While you may not have ever considered putting an entire omelet between two slices of bread, the idea isn't so farfetched when you think about it. Breakfast sandwiches generally contain some sort of egg, along with protein, cheese, tomato, and whatever else you desire. It's even considered a culinary delight when you place a fried egg in a sandwich or on a burger. So the fact that someone came up with the St. Paul sandwich, starring everyone's favorite Chinese omelet, egg foo young, isn't too surprising.
"On paper, it makes no sense. Who wants eggs and mayo and lettuce and tomato together on white bread? But it works," executive chef Ben Welch told St. Louis-based Sauce Magazine. If you've never heard of the sandwich, it's most likely because it's a St. Louis, Missouri, specialty. According to TV news station KSDK, the handheld take on Chinese food was created in the 1940s by Chinese-American chef Steven Yuen, who worked at Lafayette Square's Park Chop Suey.
After putting the egg foo young patty in between mayo-covered white bread slices along with lettuce, tomato, and pickles, the St. Paul sandwich -- named after Yuen's hometown of St. Paul, Minnesota -- was born.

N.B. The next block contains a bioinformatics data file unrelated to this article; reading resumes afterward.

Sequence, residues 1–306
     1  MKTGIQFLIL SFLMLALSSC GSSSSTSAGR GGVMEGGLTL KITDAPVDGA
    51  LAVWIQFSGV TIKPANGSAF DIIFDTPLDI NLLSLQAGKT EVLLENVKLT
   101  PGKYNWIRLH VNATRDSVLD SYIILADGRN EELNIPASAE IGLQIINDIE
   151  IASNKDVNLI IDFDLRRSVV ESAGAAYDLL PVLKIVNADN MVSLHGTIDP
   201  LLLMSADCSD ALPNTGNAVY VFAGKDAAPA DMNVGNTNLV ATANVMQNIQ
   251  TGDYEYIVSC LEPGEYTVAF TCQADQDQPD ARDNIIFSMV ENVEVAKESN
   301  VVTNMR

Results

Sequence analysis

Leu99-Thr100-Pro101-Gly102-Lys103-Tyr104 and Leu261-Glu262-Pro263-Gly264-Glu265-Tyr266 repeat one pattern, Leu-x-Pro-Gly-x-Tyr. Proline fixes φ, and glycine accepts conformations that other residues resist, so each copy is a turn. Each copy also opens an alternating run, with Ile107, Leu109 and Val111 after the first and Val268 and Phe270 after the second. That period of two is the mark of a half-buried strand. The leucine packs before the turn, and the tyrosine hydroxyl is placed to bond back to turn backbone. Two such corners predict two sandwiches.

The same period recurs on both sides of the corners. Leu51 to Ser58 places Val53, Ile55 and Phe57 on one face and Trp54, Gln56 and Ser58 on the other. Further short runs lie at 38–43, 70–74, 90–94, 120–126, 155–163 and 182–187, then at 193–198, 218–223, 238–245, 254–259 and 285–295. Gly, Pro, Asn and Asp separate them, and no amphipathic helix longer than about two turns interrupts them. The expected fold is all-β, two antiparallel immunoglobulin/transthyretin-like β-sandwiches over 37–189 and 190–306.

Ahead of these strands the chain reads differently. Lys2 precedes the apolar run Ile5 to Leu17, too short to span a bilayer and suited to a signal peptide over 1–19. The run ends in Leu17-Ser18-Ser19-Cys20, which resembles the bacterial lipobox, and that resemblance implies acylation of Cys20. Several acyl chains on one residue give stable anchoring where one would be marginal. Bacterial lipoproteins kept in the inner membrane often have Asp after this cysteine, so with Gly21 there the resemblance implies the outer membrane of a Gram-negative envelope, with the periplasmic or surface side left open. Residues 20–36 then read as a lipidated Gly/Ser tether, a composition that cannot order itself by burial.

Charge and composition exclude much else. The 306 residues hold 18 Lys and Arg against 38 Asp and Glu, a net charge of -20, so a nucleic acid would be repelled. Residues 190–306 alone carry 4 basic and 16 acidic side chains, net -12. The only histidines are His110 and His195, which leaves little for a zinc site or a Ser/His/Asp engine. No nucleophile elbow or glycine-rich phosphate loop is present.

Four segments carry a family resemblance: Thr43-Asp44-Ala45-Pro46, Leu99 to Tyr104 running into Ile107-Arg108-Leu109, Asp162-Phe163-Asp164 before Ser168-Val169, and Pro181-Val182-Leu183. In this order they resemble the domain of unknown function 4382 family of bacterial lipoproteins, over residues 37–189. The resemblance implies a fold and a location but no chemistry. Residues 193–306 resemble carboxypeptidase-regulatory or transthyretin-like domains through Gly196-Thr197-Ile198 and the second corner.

Read more: 15 Mistakes Everyone Makes When Cooking Eggs
A Popular Variation Is Loaded With Multiple Proteins
St. Louis is known for a lot of quirky or distinctive foods, from its unique barbecue rib sauce to its Provel-topped pizzas, but a true St. Louisan knows the St. Paul sandwich is one of the best and most unique handheld sandwiches the city has to offer.
While the original recipe is satisfying as it is, most St. Louis restaurants that make the St. Paul sandwich have an entire section of the menu dedicated to its many variations. Fortune Express, which has been open since 1998, gives customers the option of adding pork, ham, or vegetables, or going all in with the Special Sandwich, which is loaded with chicken, beef, and shrimp. Mai Lee's Special St. Paul sandwich includes a combination of pork, beef, chicken, ham, and shrimp on top of the standard ingredients, but co-owner Qui Tran says all of its St. Paul sandwiches are pretty popular. "It's like a cult thing," he told Sauce Magazine. Some restaurants, like Park Chop Suey and Delmar Lee's, also offer duck as an add-on or include gravy or cheese for an extra cost.
One question you may have with the St. Paul sandwich: Doesn't the bread get soggy? Apparently, the best way to avoid the inevitable gooiness that occurs from the combination of grease, egg foo young, and mayo is to eat the sandwich as soon as it's off the grill. Don't dawdle with the St. Paul; eat it while it's nice and hot.
Read the original article on Mashed.